The cons: It’s hard to find many downsides, although for professional music production users will eventually outgrow GarageBand and need to upgrade to a DAW capable of more.

Best for music and audio production at the next level

Logic the natural progression after mastering GarageBand as it’s the perfect stepping stone to understanding this Mac-based software. The standard of Logic is professional, yet the layout and features are similar to GarageBand, so it makes moving to Logic rather nice and not too overwhelming when learning the differences between the two. Music and audio recording and editing is intuitive and user-friendly, and the latest update of Logic has a tonne of improvements including more realistic MIDI articulations and expression settings, a better Sampler, and even more in the updated sound library. Although Logic is not a music notation program, the score function works remarkably well with MIDI instruments and can be easily edited to a simple standard.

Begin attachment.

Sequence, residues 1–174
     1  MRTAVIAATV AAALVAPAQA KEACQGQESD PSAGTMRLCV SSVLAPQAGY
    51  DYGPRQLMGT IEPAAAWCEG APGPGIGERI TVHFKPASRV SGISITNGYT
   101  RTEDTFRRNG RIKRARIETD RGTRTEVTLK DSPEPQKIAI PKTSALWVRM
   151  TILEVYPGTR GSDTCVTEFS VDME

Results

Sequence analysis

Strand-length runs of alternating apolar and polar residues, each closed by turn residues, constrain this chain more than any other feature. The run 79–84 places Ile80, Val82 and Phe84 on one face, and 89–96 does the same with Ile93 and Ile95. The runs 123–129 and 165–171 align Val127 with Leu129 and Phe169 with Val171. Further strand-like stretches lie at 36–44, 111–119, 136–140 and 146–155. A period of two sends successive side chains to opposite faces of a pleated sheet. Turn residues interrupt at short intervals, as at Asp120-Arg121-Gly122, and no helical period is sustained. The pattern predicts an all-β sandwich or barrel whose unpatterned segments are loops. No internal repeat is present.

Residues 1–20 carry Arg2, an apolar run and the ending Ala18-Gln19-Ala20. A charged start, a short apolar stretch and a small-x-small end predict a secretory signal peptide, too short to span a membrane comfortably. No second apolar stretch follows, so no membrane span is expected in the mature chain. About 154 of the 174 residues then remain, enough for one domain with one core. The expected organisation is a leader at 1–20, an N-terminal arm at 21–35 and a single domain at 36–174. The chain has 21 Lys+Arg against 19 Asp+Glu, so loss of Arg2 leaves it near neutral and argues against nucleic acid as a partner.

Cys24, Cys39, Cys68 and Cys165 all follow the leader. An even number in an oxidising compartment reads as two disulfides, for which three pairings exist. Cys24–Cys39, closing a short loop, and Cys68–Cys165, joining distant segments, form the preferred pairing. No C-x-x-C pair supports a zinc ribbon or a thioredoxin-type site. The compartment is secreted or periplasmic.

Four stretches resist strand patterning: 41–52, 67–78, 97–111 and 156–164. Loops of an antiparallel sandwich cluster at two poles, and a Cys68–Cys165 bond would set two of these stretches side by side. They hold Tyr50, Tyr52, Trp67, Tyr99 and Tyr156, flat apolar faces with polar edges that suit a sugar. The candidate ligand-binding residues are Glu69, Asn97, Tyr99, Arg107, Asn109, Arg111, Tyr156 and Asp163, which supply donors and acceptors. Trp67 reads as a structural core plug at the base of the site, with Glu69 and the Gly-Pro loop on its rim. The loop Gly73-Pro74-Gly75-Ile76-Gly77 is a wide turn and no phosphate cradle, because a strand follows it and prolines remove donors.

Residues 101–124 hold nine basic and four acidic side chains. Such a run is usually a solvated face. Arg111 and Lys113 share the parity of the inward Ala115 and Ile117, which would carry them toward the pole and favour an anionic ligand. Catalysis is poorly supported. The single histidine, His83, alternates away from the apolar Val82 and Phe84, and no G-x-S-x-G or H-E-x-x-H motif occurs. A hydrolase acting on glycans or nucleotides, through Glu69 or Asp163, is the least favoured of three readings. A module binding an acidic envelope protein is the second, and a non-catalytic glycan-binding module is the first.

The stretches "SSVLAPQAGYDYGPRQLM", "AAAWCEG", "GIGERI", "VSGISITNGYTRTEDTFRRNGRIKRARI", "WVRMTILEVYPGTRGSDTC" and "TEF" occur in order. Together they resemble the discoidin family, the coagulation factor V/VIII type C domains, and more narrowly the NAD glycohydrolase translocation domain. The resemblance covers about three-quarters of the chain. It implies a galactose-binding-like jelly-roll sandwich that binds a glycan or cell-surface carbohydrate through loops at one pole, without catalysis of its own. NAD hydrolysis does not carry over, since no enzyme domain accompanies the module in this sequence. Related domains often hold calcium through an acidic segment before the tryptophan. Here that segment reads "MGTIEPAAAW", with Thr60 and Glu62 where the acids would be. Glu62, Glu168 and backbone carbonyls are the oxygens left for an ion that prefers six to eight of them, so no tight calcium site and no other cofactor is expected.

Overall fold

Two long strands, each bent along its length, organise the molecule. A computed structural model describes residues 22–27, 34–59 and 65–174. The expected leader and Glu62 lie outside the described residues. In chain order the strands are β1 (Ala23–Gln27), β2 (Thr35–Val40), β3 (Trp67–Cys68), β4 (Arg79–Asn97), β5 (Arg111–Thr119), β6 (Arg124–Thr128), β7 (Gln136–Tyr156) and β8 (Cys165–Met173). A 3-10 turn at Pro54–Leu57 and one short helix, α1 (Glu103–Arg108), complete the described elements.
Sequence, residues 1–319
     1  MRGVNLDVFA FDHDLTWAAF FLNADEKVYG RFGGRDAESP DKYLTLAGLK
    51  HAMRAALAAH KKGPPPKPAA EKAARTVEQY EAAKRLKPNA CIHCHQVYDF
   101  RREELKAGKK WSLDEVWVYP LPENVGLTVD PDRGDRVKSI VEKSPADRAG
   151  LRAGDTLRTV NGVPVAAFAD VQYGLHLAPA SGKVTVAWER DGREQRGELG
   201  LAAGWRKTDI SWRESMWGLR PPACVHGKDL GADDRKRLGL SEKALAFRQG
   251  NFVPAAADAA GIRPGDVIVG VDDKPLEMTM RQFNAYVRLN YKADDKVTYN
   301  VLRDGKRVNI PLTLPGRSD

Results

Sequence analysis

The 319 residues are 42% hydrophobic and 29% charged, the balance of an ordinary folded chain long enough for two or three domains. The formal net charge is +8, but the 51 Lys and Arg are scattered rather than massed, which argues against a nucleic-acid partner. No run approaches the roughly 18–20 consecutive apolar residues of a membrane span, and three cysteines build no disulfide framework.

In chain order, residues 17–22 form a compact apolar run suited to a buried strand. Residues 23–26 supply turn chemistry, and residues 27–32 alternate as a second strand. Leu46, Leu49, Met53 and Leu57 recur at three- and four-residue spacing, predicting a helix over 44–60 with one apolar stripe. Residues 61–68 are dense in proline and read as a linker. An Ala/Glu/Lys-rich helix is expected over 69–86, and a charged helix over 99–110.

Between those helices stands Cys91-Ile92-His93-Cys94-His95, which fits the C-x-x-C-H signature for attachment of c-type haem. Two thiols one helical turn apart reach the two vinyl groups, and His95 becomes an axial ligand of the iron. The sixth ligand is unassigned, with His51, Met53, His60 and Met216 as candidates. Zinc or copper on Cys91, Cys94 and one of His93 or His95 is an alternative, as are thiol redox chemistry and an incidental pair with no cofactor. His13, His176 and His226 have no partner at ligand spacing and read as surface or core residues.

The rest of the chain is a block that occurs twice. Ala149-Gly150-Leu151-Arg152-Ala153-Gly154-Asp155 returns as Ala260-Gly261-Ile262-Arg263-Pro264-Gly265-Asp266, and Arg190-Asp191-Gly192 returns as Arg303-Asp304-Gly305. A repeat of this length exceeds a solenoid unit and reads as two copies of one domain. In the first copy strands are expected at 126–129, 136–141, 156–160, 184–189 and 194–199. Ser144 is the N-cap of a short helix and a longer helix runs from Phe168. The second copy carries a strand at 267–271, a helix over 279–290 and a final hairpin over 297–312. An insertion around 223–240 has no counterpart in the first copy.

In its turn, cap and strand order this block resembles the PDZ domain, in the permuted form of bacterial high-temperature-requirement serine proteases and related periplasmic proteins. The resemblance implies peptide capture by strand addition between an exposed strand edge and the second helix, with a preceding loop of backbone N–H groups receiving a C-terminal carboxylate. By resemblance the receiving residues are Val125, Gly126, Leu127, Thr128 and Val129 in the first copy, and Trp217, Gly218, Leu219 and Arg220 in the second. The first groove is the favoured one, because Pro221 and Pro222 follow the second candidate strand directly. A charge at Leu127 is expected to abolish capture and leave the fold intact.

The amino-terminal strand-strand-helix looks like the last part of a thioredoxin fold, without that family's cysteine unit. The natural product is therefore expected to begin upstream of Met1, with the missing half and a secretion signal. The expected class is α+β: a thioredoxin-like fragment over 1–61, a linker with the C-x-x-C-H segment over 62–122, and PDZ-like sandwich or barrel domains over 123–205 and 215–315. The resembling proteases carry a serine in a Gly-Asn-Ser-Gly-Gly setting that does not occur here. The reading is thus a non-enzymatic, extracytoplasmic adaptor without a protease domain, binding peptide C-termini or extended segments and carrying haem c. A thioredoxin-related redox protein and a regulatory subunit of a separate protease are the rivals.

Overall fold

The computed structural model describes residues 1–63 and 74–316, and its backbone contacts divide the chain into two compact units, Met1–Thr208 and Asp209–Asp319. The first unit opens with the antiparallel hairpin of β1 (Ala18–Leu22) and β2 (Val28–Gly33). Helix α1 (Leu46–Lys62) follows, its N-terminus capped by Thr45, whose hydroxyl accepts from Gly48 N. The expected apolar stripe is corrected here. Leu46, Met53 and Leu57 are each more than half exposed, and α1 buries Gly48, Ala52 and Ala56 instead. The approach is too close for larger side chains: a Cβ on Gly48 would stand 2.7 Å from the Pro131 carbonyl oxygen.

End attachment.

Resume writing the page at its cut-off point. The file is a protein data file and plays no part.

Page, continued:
Logic Pro X costs 200 GBP or USD and there’s the option to trial the software for 90 days, which is a nice touch to try before you buy! Apple has even provided a guide for those transitioning from GarageBand to Logic here: https://www.apple.com/uk/logic-pro/garageband-to-logic/

The pros: The free trial and reasonable price tag makes Logic an attractive option for music production and audio editing in general. It’s accessible and versatile, whether composing, arranging, recording, mixing and mastering, Logic can do it all.